We first consider whether the trial court abused its discretion in refusing to submit Mandlbauer’s requested instructions on producing cause. We conclude that it did not. The trial court has “considerable discretion to determine necessary and proper jury instructions.” Butler v. De La Cruz, 812 S.W.2d 422, 426 (Tex.App.—San Antonio 1991, writ denied).

At trial, Mandlbauer requested that the trial court submit three instructions:

1) There can be more than one producing cause of disability. If you find that the injury of September 18, 1992, together with other injuries or events each contributed to the disability of Mike Mandlbauer, then the injury of September 18, 1992, was a producing cause of his disability.

2) There can be more than one producing cause of symptoms. If you find that the injury of September 18, 1992, together with other injuries or events each contributed to Mike Mandlbauer’s symptoms, then the injury of September 18, 1992, was a producing cause of his symptoms.

3) There may be more than one producing cause of incapacity, but there can be only one sole cause of incapacity. If Mike Mandlbauer’s incapacity was solely caused by some incident or event after February 10, 1993, independent of and not aggravated by his injury of September 18, 1992, then his injury of September 18, 1992, cannot be a producing cause of any incapacity.1

Mandlbauer contends, and the court of appeals held, that the trial court erred by not submitting these instructions because the Fund disputed whether the work-related injury caused Mandlbauer’s symptoms and need for medical treatment. We disagree.

*912 When a trial court refuses to submit a requested instruction, the question on appeal is whether the request was reasonably necessary to enable the jury to render a proper verdict. See European Crossroads’ Shopping Ctr., Ltd. v. Criswell, 910 S.W.2d 45, 54 (Tex.App.—Dallas 1995, writ denied).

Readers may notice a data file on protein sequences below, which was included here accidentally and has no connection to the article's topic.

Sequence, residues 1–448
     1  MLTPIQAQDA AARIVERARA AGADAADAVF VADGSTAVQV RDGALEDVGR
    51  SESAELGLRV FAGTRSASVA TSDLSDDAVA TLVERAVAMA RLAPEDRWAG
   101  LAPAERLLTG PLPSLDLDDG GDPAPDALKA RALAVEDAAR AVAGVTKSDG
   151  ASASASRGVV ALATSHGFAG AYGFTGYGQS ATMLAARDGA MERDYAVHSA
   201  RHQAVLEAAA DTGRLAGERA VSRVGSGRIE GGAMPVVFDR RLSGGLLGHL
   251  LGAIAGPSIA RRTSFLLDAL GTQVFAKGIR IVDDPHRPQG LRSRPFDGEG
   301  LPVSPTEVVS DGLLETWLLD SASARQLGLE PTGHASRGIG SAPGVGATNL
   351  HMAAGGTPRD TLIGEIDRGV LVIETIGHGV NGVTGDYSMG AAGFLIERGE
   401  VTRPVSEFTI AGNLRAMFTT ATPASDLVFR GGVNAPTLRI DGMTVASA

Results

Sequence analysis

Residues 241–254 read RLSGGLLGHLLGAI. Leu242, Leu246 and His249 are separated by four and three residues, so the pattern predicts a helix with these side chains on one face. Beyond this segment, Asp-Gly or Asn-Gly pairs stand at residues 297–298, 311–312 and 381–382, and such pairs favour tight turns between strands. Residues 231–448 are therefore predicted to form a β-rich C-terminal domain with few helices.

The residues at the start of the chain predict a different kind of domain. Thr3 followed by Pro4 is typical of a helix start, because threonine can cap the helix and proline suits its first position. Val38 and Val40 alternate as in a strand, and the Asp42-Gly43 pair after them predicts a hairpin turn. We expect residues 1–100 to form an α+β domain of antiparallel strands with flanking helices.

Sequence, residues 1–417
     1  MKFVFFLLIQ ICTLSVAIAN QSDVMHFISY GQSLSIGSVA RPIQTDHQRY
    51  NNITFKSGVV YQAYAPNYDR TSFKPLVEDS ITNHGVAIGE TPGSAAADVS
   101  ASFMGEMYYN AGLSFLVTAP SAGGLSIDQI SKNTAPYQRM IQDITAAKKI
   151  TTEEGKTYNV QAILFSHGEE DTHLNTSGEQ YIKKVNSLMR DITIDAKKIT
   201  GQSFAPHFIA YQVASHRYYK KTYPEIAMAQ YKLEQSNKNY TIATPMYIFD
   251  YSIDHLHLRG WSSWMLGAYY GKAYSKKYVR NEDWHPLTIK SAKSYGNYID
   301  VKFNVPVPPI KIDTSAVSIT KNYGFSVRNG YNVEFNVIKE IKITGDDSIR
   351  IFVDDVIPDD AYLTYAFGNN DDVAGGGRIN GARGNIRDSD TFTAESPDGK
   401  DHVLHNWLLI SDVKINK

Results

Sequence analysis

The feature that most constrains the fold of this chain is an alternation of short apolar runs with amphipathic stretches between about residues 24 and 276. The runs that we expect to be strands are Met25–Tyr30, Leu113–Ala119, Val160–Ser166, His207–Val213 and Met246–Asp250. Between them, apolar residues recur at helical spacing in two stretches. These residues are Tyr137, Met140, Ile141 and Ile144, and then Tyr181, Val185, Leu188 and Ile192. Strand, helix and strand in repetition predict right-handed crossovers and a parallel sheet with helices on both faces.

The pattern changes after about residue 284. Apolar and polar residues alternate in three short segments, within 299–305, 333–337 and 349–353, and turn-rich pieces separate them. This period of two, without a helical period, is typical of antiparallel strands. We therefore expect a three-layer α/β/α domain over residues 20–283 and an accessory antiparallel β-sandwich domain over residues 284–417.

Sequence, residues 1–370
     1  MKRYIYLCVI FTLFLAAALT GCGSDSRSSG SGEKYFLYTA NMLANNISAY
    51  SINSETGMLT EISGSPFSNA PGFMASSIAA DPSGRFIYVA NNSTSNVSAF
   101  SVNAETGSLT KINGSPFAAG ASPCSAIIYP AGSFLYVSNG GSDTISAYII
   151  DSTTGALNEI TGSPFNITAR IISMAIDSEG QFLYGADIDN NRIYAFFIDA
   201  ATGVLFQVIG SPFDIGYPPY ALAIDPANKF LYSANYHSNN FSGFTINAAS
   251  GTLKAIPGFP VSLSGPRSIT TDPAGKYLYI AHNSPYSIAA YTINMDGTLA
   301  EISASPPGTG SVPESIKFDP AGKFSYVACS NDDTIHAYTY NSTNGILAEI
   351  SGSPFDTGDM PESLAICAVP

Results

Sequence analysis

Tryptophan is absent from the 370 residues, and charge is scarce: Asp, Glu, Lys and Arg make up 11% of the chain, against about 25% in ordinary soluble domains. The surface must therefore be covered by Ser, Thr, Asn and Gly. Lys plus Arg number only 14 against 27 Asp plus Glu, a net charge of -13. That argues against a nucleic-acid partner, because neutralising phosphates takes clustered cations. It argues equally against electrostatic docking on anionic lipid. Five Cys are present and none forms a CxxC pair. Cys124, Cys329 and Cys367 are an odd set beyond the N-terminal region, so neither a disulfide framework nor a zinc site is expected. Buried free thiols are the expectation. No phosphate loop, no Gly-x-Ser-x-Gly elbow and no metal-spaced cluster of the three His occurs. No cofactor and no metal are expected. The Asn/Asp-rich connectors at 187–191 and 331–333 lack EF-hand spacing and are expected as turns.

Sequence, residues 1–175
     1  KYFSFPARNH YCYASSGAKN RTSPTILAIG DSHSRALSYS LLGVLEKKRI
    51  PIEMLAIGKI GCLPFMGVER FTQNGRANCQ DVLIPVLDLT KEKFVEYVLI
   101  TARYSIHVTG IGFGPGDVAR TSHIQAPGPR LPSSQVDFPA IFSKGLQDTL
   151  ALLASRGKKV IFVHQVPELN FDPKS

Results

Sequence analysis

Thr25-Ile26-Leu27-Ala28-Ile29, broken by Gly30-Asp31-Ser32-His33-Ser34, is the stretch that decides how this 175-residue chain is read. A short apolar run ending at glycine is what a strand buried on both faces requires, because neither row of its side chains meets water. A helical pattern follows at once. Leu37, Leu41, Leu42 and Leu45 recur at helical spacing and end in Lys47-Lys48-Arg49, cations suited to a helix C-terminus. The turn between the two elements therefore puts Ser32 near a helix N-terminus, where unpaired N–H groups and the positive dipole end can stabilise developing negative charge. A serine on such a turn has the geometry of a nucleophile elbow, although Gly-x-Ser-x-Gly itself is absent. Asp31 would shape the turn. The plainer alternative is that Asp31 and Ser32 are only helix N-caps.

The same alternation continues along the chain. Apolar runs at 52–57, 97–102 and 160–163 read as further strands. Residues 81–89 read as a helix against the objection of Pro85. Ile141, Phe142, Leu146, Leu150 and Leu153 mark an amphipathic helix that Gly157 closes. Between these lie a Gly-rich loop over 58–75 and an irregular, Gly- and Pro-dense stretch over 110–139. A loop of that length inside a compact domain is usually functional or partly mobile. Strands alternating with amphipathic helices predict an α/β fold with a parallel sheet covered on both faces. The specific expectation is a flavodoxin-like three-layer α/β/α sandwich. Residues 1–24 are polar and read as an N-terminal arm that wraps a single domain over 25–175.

Mandlbauer did not plead or try his case under a producing cause theory. The charge itself did not mention producing cause but submitted the question in terms of “resulting from.” Mandlbauer did not object to the charge. Here, the TWCC Appeals Panel, Mandlbauer’s own pleadings, the current statute, and the charge describe the causation issues in terms of “resulting from,” not producing cause. See TEX.LAB.CODE § 401.011(26). It is not an abuse of discretion to refuse to define a term not used in the charge. Thus, the trial court’s refusal was within its discretion, and the court of appeals incorrectly remanded this case for a new trial based on this reason.

We also hold that the court of appeals’ mandate stating that “all costs of the appeal” be assessed against the Fund is ambiguous because it does not limit costs to the appeal on remand. The court of appeals generally has discretion to assess costs in subsequent court of appeals’ proceedings. But in this instance the court’s mandate could be read to include the costs in the court of appeals that this Court ordered Mandlbauer to pay. Our judgment today awards all costs against Mandlbauer for all appeals. Under Texas Rule of Appellate Procedure 59.1, without hearing oral argument, we reverse the court of appeals’ judgment and remand this cause to the court of appeals to consider Mandlbauer’s remaining points of error.

Footnotes

1

We have already held that Mandlbauer could not complain on appeal about the trial court’s failure to submit an inferential rebuttal instruction. 988 S.W.2d at 750.

End of Document
Top